Frequencies and expression levels of programmed death ligand 1 (PD-L1) in circulating tumor RNA (ctRNA) in various cancer types Article

Ishiba, T, Hoffmann, AC, Usher, J et al. (2018). Frequencies and expression levels of programmed death ligand 1 (PD-L1) in circulating tumor RNA (ctRNA) in various cancer types . BIOCHEMICAL AND BIOPHYSICAL RESEARCH COMMUNICATIONS, 500(3), 621-625. 10.1016/j.bbrc.2018.04.120

cited authors

  • Ishiba, T; Hoffmann, AC; Usher, J; Elshimali, Y; Sturdevant, T; Dang, M; Jaimes, Y; Tyagi, R; Gonzales, R; Grino, M; Pinski, JK; Barzi, A; Raez, LE; Eberhardt, WE; Theegarten, D; Lenz, HJ; Uetake, H; Danenberg, PV; Danenberg, K



  • Background: Precision medicine and prediction of therapeutic response requires monitoring potential biomarkers before and after treatment. Liquid biopsies provide noninvasive prognostic markers such as circulating tumor DNA and RNA. Circulating tumor RNA (ctRNA) in blood is also used to identify mutations in genes of interest, but additionally, provides information about relative expression levels of important genes. In this study, we analyzed PD-L1 expression in ctRNA isolated from various cancer types. Tumors inhibit antitumor response by modulating the immune checkpoint proteins programmed death ligand 1 (PD-L1) and its cognate receptor PD1. The expression of these genes has been implicated in evasion of immune response and resistance to targeted therapies. Methods: Blood samples were collected from gastric (GC), colorectal (CRC), lung (NSCLC), breast (BC), prostate cancer (PC) patients, and a healthy control group. ctRNA was purified from fractionated plasma, and following reverse transcription, levels of PD-L1 expression were analyzed using qPCR. Results: PD-L1 expression was detected in the plasma ctRNA of all cancer types at varying frequencies but no PD-L1 mRNA was detected in cancer-free individuals. The frequencies of PD-L1 expression were significantly different among the various cancer types but the median relative PD-L1 expression values were not significantly different. In 12 cases where plasma and tumor tissue were available from the same patients, there was a high degree of concordance between expression of PD-L1 protein in tumor tissues and PD-L1 gene expression in plasma, and both methods were equally predictive of response to nivolumab. Conclusions: PD-L1 mRNA can be detected and quantitated in ctRNA of cancer patients. These results pave the way for further studies aimed at determining whether monitoring the levels of PD-L1 mRNA in blood can identify patients who are most likely to benefit from the conventional treatment.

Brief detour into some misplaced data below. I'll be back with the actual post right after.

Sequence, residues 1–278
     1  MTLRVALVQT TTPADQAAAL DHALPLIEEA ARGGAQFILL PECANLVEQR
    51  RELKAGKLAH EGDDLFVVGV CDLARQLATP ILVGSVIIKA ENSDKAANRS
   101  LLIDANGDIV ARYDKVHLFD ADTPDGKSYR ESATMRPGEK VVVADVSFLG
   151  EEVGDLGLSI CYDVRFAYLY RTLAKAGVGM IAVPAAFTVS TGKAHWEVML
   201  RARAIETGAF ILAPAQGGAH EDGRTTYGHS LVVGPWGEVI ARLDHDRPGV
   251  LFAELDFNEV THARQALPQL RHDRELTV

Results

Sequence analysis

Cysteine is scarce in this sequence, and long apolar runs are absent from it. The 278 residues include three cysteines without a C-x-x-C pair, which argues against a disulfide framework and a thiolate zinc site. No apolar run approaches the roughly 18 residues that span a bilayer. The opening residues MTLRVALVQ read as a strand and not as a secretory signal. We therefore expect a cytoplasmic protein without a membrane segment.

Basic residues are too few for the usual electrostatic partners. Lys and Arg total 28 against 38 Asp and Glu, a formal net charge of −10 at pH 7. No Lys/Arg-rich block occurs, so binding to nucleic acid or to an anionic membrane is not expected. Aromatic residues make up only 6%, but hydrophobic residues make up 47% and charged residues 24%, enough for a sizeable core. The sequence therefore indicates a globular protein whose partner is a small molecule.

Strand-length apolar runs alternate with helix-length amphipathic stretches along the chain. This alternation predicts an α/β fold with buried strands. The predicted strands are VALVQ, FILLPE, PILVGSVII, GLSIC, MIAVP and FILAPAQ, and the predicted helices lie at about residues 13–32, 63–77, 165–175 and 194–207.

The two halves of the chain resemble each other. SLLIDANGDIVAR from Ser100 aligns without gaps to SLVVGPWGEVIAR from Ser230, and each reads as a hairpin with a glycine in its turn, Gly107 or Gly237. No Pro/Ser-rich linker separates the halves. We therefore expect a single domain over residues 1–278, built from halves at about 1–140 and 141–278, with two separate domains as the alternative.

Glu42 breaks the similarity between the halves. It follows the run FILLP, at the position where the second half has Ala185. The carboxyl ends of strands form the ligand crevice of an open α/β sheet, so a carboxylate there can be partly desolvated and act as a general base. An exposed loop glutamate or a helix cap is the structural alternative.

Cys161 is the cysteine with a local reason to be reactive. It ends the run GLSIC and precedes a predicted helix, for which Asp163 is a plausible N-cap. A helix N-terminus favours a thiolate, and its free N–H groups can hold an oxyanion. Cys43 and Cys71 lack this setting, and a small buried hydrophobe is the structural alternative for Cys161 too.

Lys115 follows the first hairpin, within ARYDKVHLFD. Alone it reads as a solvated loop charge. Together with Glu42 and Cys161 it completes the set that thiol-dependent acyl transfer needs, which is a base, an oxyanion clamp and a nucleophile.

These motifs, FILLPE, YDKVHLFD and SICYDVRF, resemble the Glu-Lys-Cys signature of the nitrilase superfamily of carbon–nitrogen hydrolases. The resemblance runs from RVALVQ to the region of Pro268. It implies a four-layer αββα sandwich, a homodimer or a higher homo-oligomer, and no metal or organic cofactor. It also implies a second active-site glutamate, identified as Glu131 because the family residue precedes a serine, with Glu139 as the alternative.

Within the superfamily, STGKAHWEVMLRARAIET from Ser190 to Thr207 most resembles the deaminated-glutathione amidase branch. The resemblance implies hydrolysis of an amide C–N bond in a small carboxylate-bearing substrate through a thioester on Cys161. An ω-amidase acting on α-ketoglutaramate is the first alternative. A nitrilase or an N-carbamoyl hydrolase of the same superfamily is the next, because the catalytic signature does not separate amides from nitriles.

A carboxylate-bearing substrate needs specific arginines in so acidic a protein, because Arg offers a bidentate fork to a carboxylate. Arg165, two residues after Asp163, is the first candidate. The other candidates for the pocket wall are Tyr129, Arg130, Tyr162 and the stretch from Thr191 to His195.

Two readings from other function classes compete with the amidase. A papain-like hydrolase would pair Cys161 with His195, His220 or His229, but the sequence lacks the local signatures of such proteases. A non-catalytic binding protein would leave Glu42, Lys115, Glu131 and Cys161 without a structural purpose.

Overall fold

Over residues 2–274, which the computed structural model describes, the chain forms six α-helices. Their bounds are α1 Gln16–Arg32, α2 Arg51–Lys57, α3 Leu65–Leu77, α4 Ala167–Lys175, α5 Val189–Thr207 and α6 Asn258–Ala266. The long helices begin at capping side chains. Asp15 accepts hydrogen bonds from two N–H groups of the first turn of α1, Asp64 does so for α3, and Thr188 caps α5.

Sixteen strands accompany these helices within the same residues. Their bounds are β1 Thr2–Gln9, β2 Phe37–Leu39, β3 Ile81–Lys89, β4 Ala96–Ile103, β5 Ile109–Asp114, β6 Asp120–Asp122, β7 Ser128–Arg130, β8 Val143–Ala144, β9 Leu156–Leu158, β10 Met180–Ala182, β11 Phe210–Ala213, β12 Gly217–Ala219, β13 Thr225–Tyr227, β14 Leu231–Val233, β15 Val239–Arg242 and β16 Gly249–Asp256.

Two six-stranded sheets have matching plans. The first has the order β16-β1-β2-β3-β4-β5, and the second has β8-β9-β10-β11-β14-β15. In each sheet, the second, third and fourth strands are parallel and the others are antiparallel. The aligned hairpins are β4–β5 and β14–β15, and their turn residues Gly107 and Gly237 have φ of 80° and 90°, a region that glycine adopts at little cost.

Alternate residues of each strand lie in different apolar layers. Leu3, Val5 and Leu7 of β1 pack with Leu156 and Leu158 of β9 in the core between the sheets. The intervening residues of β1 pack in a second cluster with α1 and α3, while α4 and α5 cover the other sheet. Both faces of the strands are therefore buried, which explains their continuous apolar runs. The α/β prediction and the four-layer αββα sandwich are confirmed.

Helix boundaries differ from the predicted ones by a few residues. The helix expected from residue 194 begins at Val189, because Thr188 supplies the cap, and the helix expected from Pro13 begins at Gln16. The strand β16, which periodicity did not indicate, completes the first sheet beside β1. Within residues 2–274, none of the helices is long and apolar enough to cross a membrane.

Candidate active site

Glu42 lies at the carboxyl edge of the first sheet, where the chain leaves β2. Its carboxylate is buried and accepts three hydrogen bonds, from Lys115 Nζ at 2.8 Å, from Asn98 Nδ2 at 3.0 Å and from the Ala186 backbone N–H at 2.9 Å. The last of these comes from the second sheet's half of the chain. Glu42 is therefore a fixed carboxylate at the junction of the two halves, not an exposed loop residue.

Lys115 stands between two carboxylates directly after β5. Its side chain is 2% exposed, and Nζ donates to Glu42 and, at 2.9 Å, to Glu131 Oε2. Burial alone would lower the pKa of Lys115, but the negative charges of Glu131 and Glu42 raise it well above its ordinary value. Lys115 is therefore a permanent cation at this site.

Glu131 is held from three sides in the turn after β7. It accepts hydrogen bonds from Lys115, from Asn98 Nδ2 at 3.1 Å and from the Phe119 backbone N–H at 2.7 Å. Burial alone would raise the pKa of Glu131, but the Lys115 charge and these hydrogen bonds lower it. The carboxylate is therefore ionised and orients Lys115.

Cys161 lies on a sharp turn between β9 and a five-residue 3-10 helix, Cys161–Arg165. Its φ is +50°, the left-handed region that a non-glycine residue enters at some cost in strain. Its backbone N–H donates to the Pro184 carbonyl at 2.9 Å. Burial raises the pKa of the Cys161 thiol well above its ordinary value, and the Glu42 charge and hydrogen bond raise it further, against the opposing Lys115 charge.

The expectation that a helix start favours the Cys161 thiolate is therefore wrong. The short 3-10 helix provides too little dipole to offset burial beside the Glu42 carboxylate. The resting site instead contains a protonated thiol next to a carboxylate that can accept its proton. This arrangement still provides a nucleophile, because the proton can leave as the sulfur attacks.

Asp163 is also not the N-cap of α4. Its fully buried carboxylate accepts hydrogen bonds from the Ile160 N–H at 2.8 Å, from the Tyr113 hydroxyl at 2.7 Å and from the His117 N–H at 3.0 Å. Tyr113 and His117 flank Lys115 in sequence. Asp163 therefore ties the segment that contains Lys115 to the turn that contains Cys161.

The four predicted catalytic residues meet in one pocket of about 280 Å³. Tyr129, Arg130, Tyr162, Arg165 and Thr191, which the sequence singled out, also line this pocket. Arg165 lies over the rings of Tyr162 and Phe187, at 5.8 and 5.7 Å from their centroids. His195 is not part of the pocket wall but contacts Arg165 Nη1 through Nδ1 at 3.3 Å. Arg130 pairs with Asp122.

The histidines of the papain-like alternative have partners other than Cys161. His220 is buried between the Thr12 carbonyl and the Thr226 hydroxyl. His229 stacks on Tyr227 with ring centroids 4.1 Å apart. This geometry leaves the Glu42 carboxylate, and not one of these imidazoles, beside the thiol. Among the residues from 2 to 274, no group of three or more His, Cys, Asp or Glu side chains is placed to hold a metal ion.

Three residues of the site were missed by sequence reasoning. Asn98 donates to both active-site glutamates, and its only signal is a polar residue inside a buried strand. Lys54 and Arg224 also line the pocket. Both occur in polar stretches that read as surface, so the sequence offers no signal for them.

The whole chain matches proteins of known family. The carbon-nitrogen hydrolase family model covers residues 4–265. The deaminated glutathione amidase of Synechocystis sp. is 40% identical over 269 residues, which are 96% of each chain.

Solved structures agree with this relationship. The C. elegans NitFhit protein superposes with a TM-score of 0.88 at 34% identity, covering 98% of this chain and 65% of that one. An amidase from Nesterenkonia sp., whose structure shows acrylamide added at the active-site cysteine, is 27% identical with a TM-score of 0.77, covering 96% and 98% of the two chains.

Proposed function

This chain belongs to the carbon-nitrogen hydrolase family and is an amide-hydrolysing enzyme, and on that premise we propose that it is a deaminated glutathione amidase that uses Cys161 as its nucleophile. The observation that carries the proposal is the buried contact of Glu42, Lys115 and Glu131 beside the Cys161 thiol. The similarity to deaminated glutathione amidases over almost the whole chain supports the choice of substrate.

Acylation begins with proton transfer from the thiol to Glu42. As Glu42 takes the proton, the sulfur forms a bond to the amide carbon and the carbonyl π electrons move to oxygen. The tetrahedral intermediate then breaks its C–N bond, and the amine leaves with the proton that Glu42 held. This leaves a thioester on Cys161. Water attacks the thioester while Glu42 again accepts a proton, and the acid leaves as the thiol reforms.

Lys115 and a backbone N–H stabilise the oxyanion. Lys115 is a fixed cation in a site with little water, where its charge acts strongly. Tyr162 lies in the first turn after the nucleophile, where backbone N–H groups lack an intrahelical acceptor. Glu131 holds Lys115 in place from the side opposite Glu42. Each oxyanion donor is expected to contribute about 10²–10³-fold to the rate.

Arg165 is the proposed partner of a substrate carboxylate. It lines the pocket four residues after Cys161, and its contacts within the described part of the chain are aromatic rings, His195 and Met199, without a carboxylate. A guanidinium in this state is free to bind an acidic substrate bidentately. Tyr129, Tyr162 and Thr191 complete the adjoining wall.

publication date

  • June 7, 2018

Digital Object Identifier (DOI)

start page

  • 621

end page

  • 625


  • 500


  • 3